Over a six-month period, Loren Feinstein drove to his local library afterhours to borrow wifi from his parked car. The signal can be spotty where he lives in the rural foothills of the Berkshire mountains in Massachusetts, but that didn’t stop him from producing an album remotely with his Berklee Online classmates and instructor, Erik Hawkins.
“I guess my biggest takeaway is that online collaboration is totally a viable way to produce music and even compose music,” says Loren, who earned his advanced certificate through Berklee Online. “It was really cool to see that each person could add their own compositional style to a production and it could end up a cohesive body of work.”
It was Hawkins’ idea to bring together his students from across the globe to test out the Splice Studio system. Splice primarily sells sounds and plug-ins, but this free feature on Splice Sounds allows musicians to co-write and co-produce remotely. Hawkins wanted to test the limits of online music collaboration.
In a new video tutorial, Hawk shows viewers how to install and use Splice Studio with Ableton Live, though it will also work with other DAW programs such as Logic Pro X, FL Studio, Garageband, and Studio One.
As Hawk mentions in his tutorial, the experiment proved to be more than just proof of concept. By the end, he and his Berklee Online students Loren, Fotis Sierra, Konstantin Ladilov, and Kayla Jacobs produced an 11-track album called Multitrack. Their classmates James Saez and Luis Franco Rivera mastered the album and created the artwork, respectively. Multitrack is available to stream on Spotify and SoundCloud.
Fotis, a student in the Electronic Music Production and Sound Design bachelor’s program at Berklee Online, says the best feature on Splice Sounds is the unlimited free online storage. He likes that working in real-time avoids back and forth by email and eliminates the need for storage programs like Dropbox. He also likes having the ability to store multiple versions of a project and the ability to go back to a former version of a track.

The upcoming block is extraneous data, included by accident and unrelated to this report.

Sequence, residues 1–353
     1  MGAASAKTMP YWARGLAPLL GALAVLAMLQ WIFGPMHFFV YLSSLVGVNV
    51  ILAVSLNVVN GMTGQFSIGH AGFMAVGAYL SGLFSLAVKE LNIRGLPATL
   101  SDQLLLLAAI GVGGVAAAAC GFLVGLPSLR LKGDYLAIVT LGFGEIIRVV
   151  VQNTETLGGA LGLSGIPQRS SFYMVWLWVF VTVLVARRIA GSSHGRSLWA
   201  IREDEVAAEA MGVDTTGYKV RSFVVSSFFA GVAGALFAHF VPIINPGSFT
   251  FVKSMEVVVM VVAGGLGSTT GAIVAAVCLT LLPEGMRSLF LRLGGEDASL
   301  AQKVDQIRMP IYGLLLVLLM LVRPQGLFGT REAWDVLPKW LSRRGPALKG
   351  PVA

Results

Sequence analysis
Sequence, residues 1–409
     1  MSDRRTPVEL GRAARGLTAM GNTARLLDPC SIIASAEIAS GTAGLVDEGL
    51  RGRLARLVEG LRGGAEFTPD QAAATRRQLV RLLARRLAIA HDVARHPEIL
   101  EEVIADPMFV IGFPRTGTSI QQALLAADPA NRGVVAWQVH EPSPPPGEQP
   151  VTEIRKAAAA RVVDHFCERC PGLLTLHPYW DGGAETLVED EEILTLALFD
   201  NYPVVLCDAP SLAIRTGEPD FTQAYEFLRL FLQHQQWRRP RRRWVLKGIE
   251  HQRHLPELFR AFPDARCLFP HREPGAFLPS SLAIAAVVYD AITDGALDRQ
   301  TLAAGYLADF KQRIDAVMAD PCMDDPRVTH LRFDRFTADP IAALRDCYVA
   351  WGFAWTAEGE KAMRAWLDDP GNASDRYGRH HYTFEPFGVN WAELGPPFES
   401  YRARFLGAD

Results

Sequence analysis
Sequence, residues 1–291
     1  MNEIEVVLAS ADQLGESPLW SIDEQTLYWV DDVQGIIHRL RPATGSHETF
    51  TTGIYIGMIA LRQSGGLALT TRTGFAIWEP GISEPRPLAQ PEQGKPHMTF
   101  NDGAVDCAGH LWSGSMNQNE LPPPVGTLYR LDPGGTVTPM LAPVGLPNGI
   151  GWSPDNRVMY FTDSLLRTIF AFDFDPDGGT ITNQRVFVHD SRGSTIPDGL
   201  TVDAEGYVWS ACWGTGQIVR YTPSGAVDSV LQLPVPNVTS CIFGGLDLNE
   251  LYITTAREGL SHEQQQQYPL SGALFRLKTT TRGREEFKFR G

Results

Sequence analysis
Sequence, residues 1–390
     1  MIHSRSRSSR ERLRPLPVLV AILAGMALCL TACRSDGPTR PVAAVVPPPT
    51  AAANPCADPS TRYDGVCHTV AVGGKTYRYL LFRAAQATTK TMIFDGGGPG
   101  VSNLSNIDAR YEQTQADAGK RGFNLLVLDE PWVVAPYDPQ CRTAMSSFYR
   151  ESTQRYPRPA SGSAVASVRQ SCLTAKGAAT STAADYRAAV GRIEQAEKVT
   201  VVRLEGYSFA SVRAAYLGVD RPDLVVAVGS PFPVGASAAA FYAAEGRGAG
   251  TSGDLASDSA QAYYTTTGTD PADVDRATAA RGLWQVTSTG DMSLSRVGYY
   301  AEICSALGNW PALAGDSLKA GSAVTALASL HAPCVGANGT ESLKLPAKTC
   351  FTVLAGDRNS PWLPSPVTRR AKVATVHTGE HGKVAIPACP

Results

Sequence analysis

“The fact that we can save our own sessions with unlimited storage is a huge plus,” says Fotis. “When I’m working on an album, there’s usually a point where we start one way, and then along the way we deviate and say, ‘how can we return back to the previous?’ I just open that version and it instantly takes me back, like going back in time. Such an amazing feature.”
Hawk says that the possibility of long-distance music production has become possible only recently because of the amount of bandwidth that we now have for the internet. He says that the music industry will likely continue to move toward more and more remote musical collaboration.
“It’s a brave new world in terms of that,” he says. “Doing the almost real-time collaboration process where you can write a track, it can be automatically uploaded, and then 15 minutes later your co-writer or co-producer on the other side of the world can listen to what you did. That’s pretty, pretty cool. And we’ve definitely reached that.”